Generally if the police observe an offense, the police may arrest the offender at the time they observed the crime. This rule applies to summary offenses as well but only if the offender is causing a disturbance or harm to himself or others. Also, the police may lawfully make a warrantless arrest if they have 1. probable cause that a crime was committed, 2. probable cause that it was committed by the arrestee and 3. by showing that by taking the time to apply with a magistrate or judge for an arrest warrant they would risk losing the offender or valuable evidence.
Once the accused is arrested, the police must bring the accused in front of a magistrate for a determination of probable cause for the arrest without any unnecessary delay. This action of bringing the accused to the magistrate is called a preliminary arraignment. However, if the most serious offense that could be charged is a misdemeanor of the second degree or a DUI charge, the officer must release the accused immediately without a preliminary arraignment and secure a criminal complaint within five days of the release and the case will proceed by summons instead of by preliminary arraignment. Assuming the case is appropriate to take the accused in front of the issuing authority for a preliminary arraignment, the police officer presents the criminal complaint to the issuing authority who then makes a determination of probable cause for the charges and signs the criminal complaint in the presence of the accused and serves the accused with a copy of the complaint.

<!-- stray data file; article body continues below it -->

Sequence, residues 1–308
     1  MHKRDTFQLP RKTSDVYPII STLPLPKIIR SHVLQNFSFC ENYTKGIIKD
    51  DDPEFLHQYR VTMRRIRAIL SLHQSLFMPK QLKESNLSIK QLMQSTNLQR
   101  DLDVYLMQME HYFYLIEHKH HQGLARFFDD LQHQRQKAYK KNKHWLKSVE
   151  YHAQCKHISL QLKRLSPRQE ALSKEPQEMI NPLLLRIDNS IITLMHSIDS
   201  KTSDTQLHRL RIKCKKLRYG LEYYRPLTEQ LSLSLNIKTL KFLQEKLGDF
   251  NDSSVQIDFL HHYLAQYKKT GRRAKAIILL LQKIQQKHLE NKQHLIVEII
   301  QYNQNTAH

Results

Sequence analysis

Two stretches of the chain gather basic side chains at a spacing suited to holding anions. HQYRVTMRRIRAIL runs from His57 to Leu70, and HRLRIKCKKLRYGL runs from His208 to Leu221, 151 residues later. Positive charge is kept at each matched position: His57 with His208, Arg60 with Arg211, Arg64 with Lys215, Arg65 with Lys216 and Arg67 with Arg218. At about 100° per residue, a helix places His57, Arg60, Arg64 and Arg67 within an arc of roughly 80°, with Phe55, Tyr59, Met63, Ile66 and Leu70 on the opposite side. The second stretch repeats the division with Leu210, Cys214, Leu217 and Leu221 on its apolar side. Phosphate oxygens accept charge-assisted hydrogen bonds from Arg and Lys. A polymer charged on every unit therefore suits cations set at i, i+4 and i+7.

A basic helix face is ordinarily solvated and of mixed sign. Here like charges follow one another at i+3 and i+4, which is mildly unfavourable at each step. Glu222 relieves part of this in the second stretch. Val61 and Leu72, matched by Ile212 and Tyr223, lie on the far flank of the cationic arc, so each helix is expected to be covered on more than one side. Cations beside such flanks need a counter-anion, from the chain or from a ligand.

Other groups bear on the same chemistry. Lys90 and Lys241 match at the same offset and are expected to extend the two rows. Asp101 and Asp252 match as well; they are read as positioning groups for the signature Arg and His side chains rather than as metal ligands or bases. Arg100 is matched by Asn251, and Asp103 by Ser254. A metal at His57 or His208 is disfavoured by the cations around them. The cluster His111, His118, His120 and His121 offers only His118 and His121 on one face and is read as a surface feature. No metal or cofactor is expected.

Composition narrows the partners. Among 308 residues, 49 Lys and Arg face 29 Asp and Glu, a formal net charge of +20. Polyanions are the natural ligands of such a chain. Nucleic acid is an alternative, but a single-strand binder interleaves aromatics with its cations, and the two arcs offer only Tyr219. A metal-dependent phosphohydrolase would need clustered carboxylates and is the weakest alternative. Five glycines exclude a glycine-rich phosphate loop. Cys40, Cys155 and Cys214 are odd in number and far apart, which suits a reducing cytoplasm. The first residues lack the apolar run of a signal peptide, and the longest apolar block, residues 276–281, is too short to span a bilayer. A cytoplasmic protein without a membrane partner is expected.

Understand that you have a constitutional right to remain silent and to refrain from speaking with the police at this point and at all points in the criminal justice procedure. Seelinger Law recommends that you call us for representation at this early stage in the process to safeguard your rights.
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